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ID Logistics: “Innovation is part of our DNA”

ID Logistics: “Innovation is part of our DNA”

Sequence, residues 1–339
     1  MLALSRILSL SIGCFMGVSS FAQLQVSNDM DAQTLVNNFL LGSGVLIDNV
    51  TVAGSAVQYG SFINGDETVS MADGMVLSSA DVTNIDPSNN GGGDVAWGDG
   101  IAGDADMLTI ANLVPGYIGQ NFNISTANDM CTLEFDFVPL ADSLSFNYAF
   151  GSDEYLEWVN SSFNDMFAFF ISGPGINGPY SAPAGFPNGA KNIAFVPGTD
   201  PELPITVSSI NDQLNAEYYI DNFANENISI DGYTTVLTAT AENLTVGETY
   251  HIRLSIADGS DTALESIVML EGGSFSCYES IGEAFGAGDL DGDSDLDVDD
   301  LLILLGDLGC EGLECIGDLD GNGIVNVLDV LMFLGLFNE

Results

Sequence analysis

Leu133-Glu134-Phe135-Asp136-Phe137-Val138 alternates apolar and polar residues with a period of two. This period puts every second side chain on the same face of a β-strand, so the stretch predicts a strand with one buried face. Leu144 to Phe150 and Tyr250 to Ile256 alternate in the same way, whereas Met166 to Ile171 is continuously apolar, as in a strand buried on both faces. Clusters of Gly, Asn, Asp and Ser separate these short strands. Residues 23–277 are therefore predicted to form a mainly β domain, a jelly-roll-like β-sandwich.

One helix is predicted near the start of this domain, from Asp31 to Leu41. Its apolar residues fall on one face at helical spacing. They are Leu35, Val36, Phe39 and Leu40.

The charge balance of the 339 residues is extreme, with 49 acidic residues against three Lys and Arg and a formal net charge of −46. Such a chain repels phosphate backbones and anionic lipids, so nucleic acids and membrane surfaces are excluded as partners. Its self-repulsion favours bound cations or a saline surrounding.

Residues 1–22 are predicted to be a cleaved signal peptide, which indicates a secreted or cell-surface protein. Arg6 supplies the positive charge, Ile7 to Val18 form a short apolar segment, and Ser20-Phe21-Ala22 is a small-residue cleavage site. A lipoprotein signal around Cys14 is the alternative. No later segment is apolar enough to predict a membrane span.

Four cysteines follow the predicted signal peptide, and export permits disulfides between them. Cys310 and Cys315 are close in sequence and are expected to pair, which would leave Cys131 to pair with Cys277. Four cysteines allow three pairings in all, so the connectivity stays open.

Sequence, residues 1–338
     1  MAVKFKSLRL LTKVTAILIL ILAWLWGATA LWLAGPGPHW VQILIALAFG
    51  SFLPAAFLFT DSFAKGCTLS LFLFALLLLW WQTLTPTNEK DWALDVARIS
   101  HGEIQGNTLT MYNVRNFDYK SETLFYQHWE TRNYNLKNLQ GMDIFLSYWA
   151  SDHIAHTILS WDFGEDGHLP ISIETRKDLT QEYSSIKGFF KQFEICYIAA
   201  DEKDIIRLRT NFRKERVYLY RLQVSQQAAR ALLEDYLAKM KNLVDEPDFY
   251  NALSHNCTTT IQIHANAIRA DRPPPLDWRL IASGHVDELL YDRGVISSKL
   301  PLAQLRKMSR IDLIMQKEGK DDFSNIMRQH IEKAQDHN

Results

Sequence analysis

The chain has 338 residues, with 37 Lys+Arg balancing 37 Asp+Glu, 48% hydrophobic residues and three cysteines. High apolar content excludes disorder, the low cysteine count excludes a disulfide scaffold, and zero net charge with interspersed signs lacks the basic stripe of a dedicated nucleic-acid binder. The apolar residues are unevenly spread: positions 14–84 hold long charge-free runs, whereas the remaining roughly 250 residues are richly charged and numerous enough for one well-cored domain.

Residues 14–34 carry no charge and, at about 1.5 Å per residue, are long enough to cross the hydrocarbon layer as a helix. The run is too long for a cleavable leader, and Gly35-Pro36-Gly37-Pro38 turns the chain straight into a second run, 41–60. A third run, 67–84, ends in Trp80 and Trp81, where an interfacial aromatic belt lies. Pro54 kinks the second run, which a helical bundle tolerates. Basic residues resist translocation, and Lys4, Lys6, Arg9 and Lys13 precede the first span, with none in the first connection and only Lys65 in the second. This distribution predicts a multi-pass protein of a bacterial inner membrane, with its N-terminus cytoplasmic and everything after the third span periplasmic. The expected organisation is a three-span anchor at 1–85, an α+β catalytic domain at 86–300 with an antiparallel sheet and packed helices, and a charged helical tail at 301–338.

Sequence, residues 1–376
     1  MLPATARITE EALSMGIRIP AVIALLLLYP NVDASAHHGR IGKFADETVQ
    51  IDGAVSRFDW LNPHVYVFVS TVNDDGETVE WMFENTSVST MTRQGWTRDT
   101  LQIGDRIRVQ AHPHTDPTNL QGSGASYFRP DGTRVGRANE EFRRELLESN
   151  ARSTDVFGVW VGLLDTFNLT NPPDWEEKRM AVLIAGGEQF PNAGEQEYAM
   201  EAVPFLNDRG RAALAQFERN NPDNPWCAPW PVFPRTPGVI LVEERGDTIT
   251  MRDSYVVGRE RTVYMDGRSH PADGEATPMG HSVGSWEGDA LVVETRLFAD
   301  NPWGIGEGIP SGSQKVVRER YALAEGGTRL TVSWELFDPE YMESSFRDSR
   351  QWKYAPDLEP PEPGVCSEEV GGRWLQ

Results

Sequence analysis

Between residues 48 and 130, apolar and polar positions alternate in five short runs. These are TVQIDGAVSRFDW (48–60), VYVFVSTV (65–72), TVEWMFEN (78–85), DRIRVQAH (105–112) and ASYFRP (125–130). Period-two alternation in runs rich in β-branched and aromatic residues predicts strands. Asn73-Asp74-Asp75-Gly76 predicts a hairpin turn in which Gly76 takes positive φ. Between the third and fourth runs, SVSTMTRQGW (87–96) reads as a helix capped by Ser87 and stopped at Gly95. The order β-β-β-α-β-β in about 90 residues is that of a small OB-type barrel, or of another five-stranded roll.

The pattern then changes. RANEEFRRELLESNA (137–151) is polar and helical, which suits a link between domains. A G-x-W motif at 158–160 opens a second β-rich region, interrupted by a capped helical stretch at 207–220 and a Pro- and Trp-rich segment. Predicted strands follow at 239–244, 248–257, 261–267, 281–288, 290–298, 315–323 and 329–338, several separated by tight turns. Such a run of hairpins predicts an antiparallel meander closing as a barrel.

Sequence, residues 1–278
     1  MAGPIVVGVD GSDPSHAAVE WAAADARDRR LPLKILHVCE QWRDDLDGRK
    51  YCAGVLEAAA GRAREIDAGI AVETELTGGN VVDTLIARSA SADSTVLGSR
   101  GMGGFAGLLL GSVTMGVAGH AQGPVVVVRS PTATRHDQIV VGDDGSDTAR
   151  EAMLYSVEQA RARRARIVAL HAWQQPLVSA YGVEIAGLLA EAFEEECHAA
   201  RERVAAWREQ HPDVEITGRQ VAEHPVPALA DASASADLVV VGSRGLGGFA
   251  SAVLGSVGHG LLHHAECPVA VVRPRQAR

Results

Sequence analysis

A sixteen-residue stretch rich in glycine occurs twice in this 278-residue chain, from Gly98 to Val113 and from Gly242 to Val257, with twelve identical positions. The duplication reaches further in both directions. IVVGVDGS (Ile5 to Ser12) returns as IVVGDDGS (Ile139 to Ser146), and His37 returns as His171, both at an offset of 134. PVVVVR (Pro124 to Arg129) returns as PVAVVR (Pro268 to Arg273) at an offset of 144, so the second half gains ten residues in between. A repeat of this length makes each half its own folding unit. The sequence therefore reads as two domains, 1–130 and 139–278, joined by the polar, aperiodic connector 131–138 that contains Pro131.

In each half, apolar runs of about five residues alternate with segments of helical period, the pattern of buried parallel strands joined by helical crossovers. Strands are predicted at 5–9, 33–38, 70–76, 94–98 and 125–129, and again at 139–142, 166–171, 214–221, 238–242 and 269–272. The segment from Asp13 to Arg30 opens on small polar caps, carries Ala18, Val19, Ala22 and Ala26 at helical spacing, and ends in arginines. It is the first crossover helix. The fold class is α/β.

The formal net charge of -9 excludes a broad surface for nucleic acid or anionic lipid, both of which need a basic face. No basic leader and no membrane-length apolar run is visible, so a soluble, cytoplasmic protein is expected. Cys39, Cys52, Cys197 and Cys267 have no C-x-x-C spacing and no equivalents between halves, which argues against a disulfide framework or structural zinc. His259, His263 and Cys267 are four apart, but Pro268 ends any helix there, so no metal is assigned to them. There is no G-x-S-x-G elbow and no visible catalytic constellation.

Established in the early 2000s, French company ID Logistics has now expanded into Indonesia, and has had to adapt its business model to become increasingly flexible and agile to cater to the country’s competitive and challenging market